There’s an old adage in basketball that says you can’t be afraid to mix it up with the big boys under the basket. Clearly, the NBA is ready for a showdown with cable operators and regional sports networks.
In a first for any major U.S. sports league, the NBA wants to stream live games on the Internet in local markets. Yes, you read that right: local markets.
The NBA is hoping to secure deals with the league’s 30 teams and cable operators to broadcast local games live on the Web in time for the 2008-2009 season, which will be starting soon [via Sports Business Journal].
“We hope to have a model in place this season,” NBA general counsel Bill Koenig said. “We believe that if we can draw more people to the interactive features, it will help bring in new [fans] and keep [fans] for a longer period of time.”
Currently no major U.S. sports leagues streams live local games. Major League Baseball offers a streaming package for out-of-market games, and the National Football League will be streaming games broadcast by NBC this season.
Streaming live games, especially ones targeted at a local market, is one of the most volatile issues leagues face as teams are trying to broaden their reach and broadcasters want to protect the rights to some of their most expensive programming.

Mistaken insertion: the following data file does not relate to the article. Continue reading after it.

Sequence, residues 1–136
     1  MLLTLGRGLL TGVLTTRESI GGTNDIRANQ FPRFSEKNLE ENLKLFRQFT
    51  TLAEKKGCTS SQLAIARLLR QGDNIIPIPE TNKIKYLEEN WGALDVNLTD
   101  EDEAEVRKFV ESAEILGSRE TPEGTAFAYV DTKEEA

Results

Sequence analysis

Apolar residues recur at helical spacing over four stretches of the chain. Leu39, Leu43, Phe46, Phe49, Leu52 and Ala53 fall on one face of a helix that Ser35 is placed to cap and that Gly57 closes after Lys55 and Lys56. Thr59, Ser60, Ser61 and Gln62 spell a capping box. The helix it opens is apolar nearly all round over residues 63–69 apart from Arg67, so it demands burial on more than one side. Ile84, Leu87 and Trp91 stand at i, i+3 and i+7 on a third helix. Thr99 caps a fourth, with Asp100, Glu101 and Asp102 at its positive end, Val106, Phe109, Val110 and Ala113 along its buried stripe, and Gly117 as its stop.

Details of the plan are unclear. Each team gets to choose its own business model. Games will be geo-targeted, meaning they will be available to fans living in respective media markets such as the Mavericks in Dallas or the Celtics in Boston. It’s uncertain if the games will be hosted on each team’s Web site or a site of a regional sports network operator. Advertising within the feeds and who sells the ads also need to be worked out.
See also: Where to watch NFL, MLB, NBA, NHL online
Complicating matters, not all of the teams own their streaming rights, which they sold to regional sports networks along with TV rights. It’s highly doubtful that everything will be worked out for all 30 teams by the start of this season.
Even so, it’s encouraging that a major U.S. sports league is willing to take the next step to blend the TV and Web-viewing experiences.
If recent Web-streaming initiatives like March Madness, the U.S. Open, Wimbledon, and some of the Beijing Olympics are any indication, streaming live games, matches, or events (including local ones) is inevitable and preferred by younger audiences.
It’s time, no doubt, to mix it up in the paint.